Living animals that share some of our features can help us learn what other animals we are related to. They also help us learn about how far back those features evolved. For example, humans share a head and a backbone with other vertebrates (like fish). We share arms and legs with tetrapods (vertebrates with four limbs, like lizards or birds). We also share hair with mammals (like cats or dogs) and grasping hands with primates (like the monkeys or orangutans you might see at the zoo). The animals we share more features with, like primates, are more closely related to us.
When scientists place humans or any species within groups based on similar features, they are doing the science of taxonomy. So, modern humans (species Homo sapiens) are in the human genus (genus Homo), which is a part of the hominid family (family Hominidae). Hominids are primates (order Primates) and related to all other mammals (class Mammalia).
When scientists go a step further and study the history of features that link biological groups based on their evolution, they are doing phylogenetics. So, while a taxonomist might realize that hair unites all mammals, a phylogeneticist might wonder when and how hair evolved in mammals."Both taxonomy and phylogenetics are used to understand the evolution of a group of animals. So, imagine a tree, like a big oak tree. You can think of the very tips of the branches as species, like Canis familiaris (your dog) or Canis lupus (the grey wolf). The larger branches that connect these tips are genera (the plural form of genus). So the large branch that connects Canis familiaris and Canis lupus is the genus Canis. Genera are connected by even larger branches which we call families.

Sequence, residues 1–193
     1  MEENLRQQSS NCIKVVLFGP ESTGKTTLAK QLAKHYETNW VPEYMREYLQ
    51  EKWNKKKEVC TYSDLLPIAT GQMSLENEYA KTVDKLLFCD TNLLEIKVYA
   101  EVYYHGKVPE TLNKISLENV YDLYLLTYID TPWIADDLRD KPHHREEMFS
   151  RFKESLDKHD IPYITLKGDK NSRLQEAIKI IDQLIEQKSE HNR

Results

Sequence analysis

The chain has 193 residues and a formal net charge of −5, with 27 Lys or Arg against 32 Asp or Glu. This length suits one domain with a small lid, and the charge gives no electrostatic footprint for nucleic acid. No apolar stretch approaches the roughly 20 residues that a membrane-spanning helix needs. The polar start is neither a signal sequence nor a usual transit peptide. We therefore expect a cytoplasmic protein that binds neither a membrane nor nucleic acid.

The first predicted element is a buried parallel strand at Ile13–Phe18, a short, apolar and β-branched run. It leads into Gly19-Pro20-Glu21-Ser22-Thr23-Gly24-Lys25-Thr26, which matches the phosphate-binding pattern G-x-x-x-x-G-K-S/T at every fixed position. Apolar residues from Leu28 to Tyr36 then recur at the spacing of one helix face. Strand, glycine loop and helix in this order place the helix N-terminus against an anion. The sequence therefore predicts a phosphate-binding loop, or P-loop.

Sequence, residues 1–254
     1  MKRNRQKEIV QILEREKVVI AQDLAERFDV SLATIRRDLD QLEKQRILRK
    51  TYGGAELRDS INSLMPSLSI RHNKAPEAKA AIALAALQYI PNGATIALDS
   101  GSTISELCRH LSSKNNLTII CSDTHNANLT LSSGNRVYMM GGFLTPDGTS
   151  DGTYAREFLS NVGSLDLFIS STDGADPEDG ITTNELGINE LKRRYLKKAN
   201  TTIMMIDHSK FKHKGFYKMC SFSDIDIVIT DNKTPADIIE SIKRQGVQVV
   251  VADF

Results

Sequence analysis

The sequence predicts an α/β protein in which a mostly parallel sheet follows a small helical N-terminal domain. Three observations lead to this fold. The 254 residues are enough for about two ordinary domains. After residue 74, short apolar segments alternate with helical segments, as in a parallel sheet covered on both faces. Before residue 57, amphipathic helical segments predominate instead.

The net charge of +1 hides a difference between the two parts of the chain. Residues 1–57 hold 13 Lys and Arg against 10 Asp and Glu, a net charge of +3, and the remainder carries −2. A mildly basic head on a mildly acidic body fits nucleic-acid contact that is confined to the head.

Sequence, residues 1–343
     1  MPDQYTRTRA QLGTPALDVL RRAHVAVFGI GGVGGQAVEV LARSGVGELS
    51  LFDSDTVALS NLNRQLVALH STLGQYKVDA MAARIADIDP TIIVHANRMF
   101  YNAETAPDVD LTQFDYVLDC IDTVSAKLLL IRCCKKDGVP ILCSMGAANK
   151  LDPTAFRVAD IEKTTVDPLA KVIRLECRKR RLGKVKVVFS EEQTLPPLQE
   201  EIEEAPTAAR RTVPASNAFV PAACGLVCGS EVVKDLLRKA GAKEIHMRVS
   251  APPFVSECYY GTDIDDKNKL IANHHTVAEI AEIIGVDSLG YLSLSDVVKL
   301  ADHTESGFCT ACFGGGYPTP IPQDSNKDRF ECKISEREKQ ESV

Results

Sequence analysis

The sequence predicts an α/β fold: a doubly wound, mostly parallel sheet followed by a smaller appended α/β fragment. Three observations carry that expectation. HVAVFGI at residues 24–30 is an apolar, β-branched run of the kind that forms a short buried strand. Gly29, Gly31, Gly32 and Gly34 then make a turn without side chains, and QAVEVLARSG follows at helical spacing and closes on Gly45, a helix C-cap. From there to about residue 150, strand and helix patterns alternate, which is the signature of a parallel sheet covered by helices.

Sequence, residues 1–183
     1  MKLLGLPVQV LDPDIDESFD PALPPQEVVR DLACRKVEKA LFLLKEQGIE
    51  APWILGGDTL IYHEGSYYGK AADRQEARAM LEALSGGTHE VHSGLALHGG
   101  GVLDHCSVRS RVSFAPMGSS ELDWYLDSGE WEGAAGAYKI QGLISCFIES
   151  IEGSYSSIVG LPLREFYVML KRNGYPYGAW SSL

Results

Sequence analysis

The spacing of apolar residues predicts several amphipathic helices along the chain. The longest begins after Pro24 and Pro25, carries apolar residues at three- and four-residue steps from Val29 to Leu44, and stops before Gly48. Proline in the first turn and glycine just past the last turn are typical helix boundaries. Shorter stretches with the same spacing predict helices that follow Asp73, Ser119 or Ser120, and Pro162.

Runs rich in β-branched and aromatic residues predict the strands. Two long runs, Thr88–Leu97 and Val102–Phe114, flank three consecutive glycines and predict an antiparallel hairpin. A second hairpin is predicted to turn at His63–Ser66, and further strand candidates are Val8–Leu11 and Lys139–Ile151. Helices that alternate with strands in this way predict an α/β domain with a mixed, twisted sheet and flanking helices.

Our two Canis species belong to the family Canidae, which includes dogs, wolves, and foxes. Canidae is one of several families in the order Carnivora (which includes dogs, cats, bears, seals, and others). The orders would make up the very largest branches, or the upper part of the trunk, where the trunk splits into different parts of the tree.
Finally, all orders of mammals are placed in the class Mammalia. You are mammal too! In our example, the class is the trunk of the tree that connects all mammal groups, including our species, Homo sapiens.
Now, you might be wondering, how old are each of these branches, and how old is the trunk of the tree? Scientists can use the fossil record to tell how long ago different branches on the tree of life split from one another. Let’s use Homo sapiens as an example to work our way back up the tree from the base, now that we’ve worked our way down from dogs and wolves.